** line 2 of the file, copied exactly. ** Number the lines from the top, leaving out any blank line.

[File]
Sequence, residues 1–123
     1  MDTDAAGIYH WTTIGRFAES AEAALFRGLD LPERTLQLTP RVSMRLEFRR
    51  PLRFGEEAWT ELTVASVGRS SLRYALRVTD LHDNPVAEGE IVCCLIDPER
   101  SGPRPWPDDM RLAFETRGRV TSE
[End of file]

     1  MDTDAAGIYH WTTIGRFAES AEAALFRGLD LPERTLQLTP RVSMRLEFRR